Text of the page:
Exotic Woods Native to Brazil

Yes that’s right the World Cup is on you know, in fact it will soon be drawing to a conclusion with the 3rd placed playoff today between Holland and host nation Brazil and the World Cup final tomorrow between Argentina and Germany, now football doesn’t really have much relevance with Cue Sports, however, Brazil as a country does, but you may not realise it.

Many of the most beautiful exotic woods that we see being used in snooker cues and pool cues actually originate in Brazilian forests. Below I am going to take a look at a few of these amazing chunks of wood that are found in many cues sold here in the UK. As with many exotic woods of the world these woods are expensive, rare and in some cases endangered.


This is a wood very regularly used in snooker cue and pool cue products and is a cheaper and lighter alternative on the whole to ebony. There are many different varieties of Rosewood available but two of them are native to Brazil, however due to the regulation of these woods the Rosewood used in cues nowadays is more likely to be East Indian Rosewood. There are a number of Peradon Cues that utilise Rosewood either in the complete make up of the butt section or as a decorative splice. Look at the Peradon Crown, Peradon Century and the Peradon Storm.

– Amazon Rosewood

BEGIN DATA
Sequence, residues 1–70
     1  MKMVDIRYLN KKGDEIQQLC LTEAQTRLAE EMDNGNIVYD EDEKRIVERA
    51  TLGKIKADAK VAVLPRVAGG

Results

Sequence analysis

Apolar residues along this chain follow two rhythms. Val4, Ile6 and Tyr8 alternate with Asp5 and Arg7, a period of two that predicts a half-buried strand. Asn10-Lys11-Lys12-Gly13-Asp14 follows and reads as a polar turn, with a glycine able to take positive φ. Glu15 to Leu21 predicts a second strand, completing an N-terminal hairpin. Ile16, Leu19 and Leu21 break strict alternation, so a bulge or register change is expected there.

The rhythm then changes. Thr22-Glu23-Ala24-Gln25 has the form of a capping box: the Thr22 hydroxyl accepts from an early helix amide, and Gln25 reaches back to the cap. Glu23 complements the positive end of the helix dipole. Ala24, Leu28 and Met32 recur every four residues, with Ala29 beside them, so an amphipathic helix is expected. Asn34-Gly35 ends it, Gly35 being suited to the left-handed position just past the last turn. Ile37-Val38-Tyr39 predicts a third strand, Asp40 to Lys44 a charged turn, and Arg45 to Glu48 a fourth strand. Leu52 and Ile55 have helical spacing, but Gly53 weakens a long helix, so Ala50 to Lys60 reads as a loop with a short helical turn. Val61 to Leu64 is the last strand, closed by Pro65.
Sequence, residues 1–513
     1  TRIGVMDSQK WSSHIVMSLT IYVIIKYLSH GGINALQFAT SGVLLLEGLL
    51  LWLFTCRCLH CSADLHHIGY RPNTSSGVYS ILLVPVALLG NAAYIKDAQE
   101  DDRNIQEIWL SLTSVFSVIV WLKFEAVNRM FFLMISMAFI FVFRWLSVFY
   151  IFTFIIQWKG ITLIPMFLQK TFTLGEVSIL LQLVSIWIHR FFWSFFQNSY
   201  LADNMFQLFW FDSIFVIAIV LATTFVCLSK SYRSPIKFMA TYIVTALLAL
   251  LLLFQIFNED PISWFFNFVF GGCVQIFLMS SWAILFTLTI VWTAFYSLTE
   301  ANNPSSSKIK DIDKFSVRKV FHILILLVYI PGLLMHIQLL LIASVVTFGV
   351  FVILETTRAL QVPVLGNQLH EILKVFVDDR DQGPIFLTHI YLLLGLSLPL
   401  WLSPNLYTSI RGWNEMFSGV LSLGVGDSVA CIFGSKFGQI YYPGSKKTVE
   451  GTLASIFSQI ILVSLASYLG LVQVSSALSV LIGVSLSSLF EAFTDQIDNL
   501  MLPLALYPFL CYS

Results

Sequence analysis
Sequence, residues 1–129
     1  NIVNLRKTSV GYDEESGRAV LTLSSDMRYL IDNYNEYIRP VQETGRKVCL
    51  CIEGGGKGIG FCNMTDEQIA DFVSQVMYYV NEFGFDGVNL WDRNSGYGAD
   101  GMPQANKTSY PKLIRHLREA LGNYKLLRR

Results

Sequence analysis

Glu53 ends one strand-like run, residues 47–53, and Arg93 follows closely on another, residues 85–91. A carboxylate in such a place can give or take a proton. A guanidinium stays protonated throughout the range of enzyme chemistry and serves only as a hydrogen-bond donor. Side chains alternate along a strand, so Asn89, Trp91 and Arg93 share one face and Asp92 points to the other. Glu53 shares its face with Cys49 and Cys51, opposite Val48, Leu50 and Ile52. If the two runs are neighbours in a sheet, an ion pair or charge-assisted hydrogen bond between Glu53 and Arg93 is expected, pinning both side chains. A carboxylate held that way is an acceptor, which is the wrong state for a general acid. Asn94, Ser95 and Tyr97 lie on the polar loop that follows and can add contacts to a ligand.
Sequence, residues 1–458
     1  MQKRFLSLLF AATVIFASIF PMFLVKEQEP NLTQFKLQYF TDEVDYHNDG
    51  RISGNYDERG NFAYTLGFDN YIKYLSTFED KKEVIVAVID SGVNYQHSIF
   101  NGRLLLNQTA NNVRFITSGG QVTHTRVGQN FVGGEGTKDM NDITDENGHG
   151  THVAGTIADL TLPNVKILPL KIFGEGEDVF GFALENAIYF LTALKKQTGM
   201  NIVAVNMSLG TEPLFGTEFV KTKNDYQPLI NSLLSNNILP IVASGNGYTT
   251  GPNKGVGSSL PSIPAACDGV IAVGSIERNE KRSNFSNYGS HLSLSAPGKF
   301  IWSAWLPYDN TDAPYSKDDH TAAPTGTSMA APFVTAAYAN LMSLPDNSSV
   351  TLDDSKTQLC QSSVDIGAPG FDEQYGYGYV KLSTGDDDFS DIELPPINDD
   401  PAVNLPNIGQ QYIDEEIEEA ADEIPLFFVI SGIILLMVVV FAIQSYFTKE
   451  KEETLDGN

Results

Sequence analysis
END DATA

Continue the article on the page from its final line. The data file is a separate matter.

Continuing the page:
Expensive but is not listed on the endangered species list.

Amazon Rosewood

– Brazilian Rosewood

Endangered species and is very expensive and generally sales of this are highly regulated.

Brazilian Rosewood


This stunning wood is native to North Eastern Brazil and in snooker and pool cues is generally used as a decorative splice or as a secondary four point splice. It is a very scarce exotic wood and as a result is expensive and only available in smaller pieces rather than large boards. It is actually related to Rosewood as a species. This wood can be used as a front splice the Cue Craft Royal Standard (My own cue has Tulipwood), the Peradon Gloucester also uses Tulipwood in the front splice and the wood lends itself to being used as a splice without a veneer behind it.



A rich dark and beautifully grained wood Kingwood is another close family member to Rosewood and is another exotic species that hails from Brazil and in parts Mexico as well. Not available in larger stock partly due to the small size of the tree but also because it is very expensive and generally used as front splices or decorative inlays. Check the Peradon Ascot and Peradon Salisbury for good examples of use of Kingwood.


 There are thousands of exotic species in the world and many more from Brazil but only certain are available and workable for making snooker and pool cues, this article gives you a small insight into the woods that are out there and can be used to decorate your next cue whether you by a production model or a custom cue.

If you are interested more deeply in the woods being used then a great source of information is the Wood Database which gives a myriad of information with some great images and examples of the woods in use.

What’s your favourite wood for use in a snooker cue? Answer in the comments.

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